How To Drive Through the Desert Safely

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Wrecked car in the desert, Valley of Shattered Dreams.
Wrecked car in the Valley of Shattered Dreams. Image credit: John Fowler. Licensed under CC BY 2.0.

Planning to spend your vacation touring the deserts of the American West? Moving your household to a sunny town in red rock and cactus country? Driving on desert roads and highways has its own set of dangers. For instance, each year an average of thirty-seven kids left unattended in motor vehicles die from heatstroke, according to San Jose State University.i

Follow these safety tips to better enjoy your time in the sun.

Prepare for storms

Heat isn’t your only enemy in the desert and great storms don’t always occur in winter. Sudden, massive rainfalls occasionally race across the landscape, such as the summer “monsoons” of southern Arizona. Typically, “the streets are super slick for the first ten or fifteen minutes because the oil buildup hasn’t had a chance to run off,” says Valerie Vinyard, a spokesperson for AAA Arizona.

They will also flood low spots in the road, such as between hilltops or through a creek bed. If you see water, don’t try to cross it. Only two feet of depth can sweep your car — and you — downstream with the flood.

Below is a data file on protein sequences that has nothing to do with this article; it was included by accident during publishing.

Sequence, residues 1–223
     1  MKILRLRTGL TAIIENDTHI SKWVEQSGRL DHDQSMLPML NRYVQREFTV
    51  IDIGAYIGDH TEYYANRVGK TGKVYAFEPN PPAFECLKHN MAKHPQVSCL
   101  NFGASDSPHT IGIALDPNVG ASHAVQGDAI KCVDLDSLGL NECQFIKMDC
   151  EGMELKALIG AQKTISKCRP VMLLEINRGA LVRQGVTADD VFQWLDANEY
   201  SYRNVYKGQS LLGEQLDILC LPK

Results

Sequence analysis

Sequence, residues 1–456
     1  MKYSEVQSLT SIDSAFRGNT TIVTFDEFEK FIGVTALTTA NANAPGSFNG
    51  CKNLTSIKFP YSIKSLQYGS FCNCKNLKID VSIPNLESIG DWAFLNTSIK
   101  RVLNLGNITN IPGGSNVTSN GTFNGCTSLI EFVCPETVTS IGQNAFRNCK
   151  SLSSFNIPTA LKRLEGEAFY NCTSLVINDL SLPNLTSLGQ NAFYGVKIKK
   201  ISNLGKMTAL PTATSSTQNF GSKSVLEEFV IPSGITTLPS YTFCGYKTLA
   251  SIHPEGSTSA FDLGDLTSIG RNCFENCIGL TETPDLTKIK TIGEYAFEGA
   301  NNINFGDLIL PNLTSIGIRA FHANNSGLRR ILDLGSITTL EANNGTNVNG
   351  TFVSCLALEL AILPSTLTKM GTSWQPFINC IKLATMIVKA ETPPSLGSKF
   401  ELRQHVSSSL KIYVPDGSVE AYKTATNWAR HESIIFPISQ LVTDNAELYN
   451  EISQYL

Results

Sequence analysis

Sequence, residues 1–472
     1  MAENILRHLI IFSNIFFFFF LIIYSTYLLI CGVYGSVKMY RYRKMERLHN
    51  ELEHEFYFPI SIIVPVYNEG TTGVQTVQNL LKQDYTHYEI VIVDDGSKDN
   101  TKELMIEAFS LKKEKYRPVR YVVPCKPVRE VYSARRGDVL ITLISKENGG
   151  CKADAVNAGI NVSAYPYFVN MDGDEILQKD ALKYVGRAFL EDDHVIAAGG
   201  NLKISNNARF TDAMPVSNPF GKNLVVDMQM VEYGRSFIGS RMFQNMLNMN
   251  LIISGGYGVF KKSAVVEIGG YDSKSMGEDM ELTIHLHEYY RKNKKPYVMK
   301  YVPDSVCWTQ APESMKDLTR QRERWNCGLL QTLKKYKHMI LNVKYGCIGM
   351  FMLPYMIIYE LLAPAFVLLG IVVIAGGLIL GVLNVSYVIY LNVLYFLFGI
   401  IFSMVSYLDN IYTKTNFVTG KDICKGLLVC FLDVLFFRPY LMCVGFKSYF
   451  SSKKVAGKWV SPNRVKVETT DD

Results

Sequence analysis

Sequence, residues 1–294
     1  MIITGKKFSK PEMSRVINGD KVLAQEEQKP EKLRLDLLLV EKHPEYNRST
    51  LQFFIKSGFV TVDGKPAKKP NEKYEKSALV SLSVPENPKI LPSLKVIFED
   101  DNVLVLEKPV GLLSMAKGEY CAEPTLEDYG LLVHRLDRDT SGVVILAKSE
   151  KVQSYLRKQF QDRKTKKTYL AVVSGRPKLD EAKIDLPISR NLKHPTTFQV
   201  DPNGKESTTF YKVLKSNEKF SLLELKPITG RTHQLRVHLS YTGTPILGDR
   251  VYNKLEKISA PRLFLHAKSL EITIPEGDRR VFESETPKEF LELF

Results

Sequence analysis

Desert storms don’t even need water to raise havoc with driving. Strong winds can generate a 3,000-foot-tall wall of dust called a “haboob” that can can reduce visibility and pockmark windshields. If you encounter a dust storm, pull over a safe distance from the road, set your parking brake and wait it out. Turn off all lights, so other motorists don’t rear-end you.

If you can’t pull over, turn your lights on, reduce your speed to a safe level, and use the road’s center line to guide you.

Protect your tires

“Hot ambient temperatures and road surfaces can contribute to this heat which may cause a tire to fail more quickly,” says Dan Zielinski, senior vice president for public affairs at the Rubber Manufacturers Association, which represents tire manufacturers.

Watch for signs of overheating, such as a strong rubber smell. Also look for excessive wear on the tire’s outer shoulders, or small cracks in the tread and sidewall. “This occurs in most tires but if the cracking becomes severe where the cracks become more wide and deep, it can lead to tire damage,” says Zielinski.

Check your battery

The average life expectancy of a car battery in Arizona is only twenty-eight months, according to AAA. Plus, in the desert they can die suddenly, without the typical warning signs — such as dim lights or slow cranking — that you might encounter in a colder climate. Keep an eye on its fluid level, remove corrosion from the cables and terminals, and have it tested regularly.

Feed your car